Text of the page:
1. The Chef Who’s Leading The Backlash Against Mississippi’s New Anti-Gay Law by Wyatt Williams
On the eve of the 50th anniversary of the Civil Rights Act, Mississippi is enacting a law that could sanction anti-LGBT discrimination. Can the state’s most prominent chef and cultural ambassador help keep his adoptive home from repeating its ugly past?
2. Joe Dorsey’s Big Fight: How An Unknown Boxer Knocked Out Segregation In Louisiana by Steve Knopper
In 1955, an African-American boxer in New Orleans named Joe Dorsey sued the state of Louisiana for the right to fight against white opponents. What started out as a chance to advance his career wound up changing sports and culture in the state forever.
3. Failure To Launch: How New Mexico Is Paying For Richard Branson’s Space Tourism Fantasy by Joshua Wheeler
One of the poorest states in the nation has invested nearly a quarter of a billion dollars and 10 years in creating a hub for Richard Branson’s space tourism company, Virgin Galactic. Some see it as the crown jewel of a new space age while others call it a carnival for the 1 percent — but with persistent delays and mounting financial strain, Spaceport America is just trying to avoid becoming New Mexico’s costliest, most futuristic ghost town.
4. The Low-Budget, High-Pressure Life Of An MLS Rookie by David Peisner
Major League Soccer is the only pro sports league in America where superstars can earn 140 times more than their teammates. How much longer will it be able to convince talented, internationally coveted young players like the Los Angeles Galaxy’s Kofi Opare to stay in the U.S. for $35,000 a year?
5. Fighting For Hip-Hop In The Whitest City In America by Arianna Rebolini
Portland, Ore., is known as a haven for progressive culture. So why does it seem like police consider rappers and their fans a threat to the city’s specific brand of weird?
6. Wildcatting: A Stripper’s Guide to the Modern American Boomtown by Susan Elizabeth Shepard
Nothing is more emblematic of the American dream than chaotic mining and drilling towns such as Williston, North Dakota, and the people who flock to them in search of fortune. And no one knows better how these communities work — and don’t — than the traveling topless dancer.
7. William Suess Thought He Was An American Until The Day He Was Deported by Mike Giglio
Born in Germany but raised in Missouri, “Wild Bill” Suess served in the Army, then did time for various crimes. But he didn’t know what prison really was until strict immigration laws left him to fend for himself at a grim shelter in a foreign country he was now forced to call home.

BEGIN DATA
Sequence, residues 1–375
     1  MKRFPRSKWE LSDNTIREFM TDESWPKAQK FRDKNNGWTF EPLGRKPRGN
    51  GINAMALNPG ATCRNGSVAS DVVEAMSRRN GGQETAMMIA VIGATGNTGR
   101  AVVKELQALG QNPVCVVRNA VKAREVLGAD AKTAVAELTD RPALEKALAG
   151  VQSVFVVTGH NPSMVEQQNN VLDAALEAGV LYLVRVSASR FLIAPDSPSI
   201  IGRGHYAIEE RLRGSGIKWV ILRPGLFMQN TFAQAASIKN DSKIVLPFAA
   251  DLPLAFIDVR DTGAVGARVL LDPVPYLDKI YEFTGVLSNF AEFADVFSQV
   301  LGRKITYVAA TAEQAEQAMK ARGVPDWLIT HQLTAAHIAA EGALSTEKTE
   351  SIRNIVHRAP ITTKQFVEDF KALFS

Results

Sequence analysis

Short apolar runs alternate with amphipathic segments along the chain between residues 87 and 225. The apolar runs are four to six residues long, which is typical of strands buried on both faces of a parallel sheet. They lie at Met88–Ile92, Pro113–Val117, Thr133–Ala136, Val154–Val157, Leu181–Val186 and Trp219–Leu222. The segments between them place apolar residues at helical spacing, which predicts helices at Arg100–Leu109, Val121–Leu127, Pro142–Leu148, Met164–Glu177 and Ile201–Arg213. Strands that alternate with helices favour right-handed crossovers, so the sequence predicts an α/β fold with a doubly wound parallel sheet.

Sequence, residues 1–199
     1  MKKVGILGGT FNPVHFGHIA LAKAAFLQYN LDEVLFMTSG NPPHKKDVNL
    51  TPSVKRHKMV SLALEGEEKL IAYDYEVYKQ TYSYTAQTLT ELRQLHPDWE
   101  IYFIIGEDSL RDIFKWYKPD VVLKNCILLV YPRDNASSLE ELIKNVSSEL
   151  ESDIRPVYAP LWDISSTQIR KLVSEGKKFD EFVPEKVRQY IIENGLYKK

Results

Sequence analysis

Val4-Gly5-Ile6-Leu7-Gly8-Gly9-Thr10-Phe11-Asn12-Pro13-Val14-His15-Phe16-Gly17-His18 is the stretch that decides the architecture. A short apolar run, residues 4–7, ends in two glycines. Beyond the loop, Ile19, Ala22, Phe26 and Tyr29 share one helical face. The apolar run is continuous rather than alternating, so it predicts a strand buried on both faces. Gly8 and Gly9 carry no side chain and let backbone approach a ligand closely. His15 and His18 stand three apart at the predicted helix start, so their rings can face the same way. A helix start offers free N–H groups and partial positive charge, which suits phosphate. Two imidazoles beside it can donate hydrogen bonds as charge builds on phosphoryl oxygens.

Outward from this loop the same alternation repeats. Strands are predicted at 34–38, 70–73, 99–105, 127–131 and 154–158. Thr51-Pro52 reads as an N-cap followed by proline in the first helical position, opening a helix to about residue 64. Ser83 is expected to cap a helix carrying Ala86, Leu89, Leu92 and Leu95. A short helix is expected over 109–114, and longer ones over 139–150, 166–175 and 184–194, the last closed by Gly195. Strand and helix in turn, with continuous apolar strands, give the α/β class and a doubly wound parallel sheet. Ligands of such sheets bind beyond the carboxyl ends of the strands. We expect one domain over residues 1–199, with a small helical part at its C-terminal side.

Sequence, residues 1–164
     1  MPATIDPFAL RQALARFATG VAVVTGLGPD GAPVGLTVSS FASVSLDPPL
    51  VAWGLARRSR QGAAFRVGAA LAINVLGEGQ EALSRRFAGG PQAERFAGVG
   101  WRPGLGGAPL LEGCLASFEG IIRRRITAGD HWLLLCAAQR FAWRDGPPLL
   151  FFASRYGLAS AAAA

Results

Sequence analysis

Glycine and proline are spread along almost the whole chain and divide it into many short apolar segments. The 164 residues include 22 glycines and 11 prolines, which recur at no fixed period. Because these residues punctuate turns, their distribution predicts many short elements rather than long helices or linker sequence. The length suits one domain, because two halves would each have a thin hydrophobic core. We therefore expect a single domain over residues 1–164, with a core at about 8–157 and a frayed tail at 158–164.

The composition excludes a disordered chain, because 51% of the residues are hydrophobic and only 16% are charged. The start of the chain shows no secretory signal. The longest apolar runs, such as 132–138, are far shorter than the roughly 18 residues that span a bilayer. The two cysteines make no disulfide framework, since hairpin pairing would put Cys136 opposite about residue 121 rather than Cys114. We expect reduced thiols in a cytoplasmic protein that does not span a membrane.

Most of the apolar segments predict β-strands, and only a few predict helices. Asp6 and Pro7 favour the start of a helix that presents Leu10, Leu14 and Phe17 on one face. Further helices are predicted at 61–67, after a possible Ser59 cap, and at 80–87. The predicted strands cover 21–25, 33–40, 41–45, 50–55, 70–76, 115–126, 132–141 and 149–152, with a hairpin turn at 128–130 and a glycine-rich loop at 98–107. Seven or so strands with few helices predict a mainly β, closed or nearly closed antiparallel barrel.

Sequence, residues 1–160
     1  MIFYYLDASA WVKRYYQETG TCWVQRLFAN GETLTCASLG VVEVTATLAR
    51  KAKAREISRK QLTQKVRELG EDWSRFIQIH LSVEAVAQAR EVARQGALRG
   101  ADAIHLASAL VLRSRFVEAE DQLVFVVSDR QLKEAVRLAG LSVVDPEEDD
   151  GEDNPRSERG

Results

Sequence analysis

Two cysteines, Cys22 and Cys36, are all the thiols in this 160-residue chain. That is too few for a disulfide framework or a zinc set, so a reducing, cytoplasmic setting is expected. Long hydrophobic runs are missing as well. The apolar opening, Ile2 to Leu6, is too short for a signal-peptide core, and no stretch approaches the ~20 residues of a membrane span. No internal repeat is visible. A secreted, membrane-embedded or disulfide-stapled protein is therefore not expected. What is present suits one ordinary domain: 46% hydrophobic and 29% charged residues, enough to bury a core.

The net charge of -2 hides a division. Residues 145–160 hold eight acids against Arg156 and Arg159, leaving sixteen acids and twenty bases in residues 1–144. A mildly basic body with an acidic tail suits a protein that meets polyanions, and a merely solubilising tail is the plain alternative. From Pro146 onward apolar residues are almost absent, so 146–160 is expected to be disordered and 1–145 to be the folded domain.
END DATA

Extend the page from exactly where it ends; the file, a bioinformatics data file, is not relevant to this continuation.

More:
8. Pastor Andrew Hamblin Would Rather Die Or Go To Jail Than Give Up Handling Snakes by Gemma de Choisy
As part of a traditional Appalachian sect, the 22-year-old church leader illegally handled venomous snakes — and starred on the reality TV show Snake Salvation — until wildlife authorities seized them all. Risking his life and his livelihood, he’s taking a stand in the name of Jesus, and, he argues, in the name of religious freedom.
9. How An Ohio Housewife Flew Around The World, Made History, And Was Then Forgotten by Amy Saunders
Jerrie Mock was a 38-year-old housewife from Columbus, Ohio, when 50 years ago she accomplished what Amelia Earhart is famous for having failed to do. But, in the decades since, as Mock’s life began to unravel, history all but forgot the pilot who made it.
10. Why I Bought A House In Detroit For $500 by Drew Philp
After college, as his friends left Michigan for better opportunities, the 23-year-old author was determined to help fix a broken, chaotic city by building his own home in the middle of it.
11. The Eel World: Inside Maine’s Wild Elver Turf War by Peter Andrey Smith
In an economically depressed Maine county, Bill Sheldon is the kingpin of a $40 million baby-eel industry that may be doomed to extinction. Find out what happens when a community full of armed fishermen and elver dealers stop being polite and start getting real.
12. Takeru Kobayashi’s Declaration Of Independence by Emily Fleischaker
Last July, for the fourth year in a row, the Nathan’s 4th of July hot dog-eating contest was without its original superstar thanks to an ongoing, bilious contract dispute. It’s hard to prove you’re still the champ when you don’t have any opponents, and it’s hard to plan your future when your golden opportunity implodes in scandal.
13. 60 Words And A War Without End: The Untold Story Of The Most Dangerous Sentence In U.S. History by Gregory D. Johnsen
Written in the frenzied, emotional days after 9/11, the Authorization for the Use of Military Force was intended to give President Bush the ability to retaliate against whoever orchestrated the attacks. But more than 12 years later, this sentence remains the primary legal justification for nearly every covert operation around the world. Here’s how it came to be, and what it’s since come to mean.
14. Gored In The U.S.A.: The Running Of The Bulls Comes To America by Wyatt Williams
Two enterprising ex-lawyers are risking their livelihoods to reinvent a centuries-old Spanish tradition for thrill-seeking weekend warriors. But what are the long-term prospects for a venture that relies on its customers getting trampled by large, angry animals?
15. Dispatches From The Front Line Of Florida’s Wild Python Hunt by Amanda Petrusich
The monthlong Python Challenge in the Everglades is part controversial preservationist initiative, part sensationalistic media stunt, and all slinking through swamps trying to kill giant deadly reptiles.
- Greece's finance minister has resigned following an overwhelming "no" vote on new austerity measures tied to further bailout funds. The country's future in the eurozone is uncertain.
- The South Carolina Senate is debating a bill calling for the removal of the Confederate battle flag from statehouse grounds.
- More than 1 million people are expected to attend Pope Francis' mass in Ecuador on Monday.